As a surety assumes the responsibility of paying a debt in a situation where the borrower defaults, a surety plays a vital role on a construction project. Although a surety and its principal are initially aligned at the start of a project, they can quickly become adverse parties if a bond claim is made. As such, the GAI remains an important tool for the surety in taking preemptive measures to ensure that the principal and its indemnitors indemnify the surety. In this case, Judge Ashe’s opinion reminds sureties that the indemnity agreements may include strong attorney-in-fact provisions, which may allow the surety to settle the principal’s claims on its behalf.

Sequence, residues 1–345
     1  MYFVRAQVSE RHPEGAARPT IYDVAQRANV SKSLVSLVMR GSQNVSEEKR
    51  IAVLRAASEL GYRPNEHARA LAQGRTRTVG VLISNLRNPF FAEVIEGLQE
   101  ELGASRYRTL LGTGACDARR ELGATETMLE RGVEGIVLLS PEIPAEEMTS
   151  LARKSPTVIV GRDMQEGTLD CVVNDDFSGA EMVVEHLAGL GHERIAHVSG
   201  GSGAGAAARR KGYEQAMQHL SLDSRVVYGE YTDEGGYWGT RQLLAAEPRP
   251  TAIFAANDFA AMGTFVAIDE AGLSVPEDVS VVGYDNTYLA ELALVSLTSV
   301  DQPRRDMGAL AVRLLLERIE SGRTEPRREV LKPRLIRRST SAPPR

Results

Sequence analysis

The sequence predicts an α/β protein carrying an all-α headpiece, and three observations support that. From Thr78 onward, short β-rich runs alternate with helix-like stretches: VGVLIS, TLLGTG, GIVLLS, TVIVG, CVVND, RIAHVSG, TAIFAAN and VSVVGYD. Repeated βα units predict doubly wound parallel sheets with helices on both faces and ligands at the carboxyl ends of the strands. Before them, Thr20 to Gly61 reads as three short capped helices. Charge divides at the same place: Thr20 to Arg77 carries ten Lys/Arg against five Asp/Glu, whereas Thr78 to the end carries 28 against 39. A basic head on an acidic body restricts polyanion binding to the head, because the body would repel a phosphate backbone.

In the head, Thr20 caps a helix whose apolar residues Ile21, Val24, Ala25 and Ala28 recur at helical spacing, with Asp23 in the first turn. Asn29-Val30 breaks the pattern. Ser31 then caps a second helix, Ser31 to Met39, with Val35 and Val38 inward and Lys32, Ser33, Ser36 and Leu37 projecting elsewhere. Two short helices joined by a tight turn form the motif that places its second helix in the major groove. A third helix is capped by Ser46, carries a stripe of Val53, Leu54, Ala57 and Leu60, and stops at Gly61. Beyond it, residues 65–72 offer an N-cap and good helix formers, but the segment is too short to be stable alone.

A Closer Look at the Ruling
This matter involves claims between Fucich Contracting, Inc. (“Principal”), and Clayton and Kathleen Fucich (“Indemnitors”), on the one hand, and Travelers Casualty and Surety Company of America (“Travelers”), on the other hand, arising out of a construction dispute and a settlement agreement to resolve the dispute.
St. Bernard Principal Government (“Owner”) hired Principal as the contractor and Shread-Kuyrkendall & Associates, Inc. as the engineer (“Engineer”) for the Principal’s hurricane preparedness project - Lake Borgne Basin Levee District Pump Station #1 & #4 Pump Upgrade (“Project”). The contract required the Principal to procure, furnish, and install the new replacement engines. Pursuant to the Louisiana Public Works Act, Travelers issued a performance and payment bond on behalf of the Principal and in favor of the Owner for the Project (“Bonds”). In exchange for the Bonds, the Indemnitors entered into a general agreement indemnity (“GAI”) with Travelers for the Project.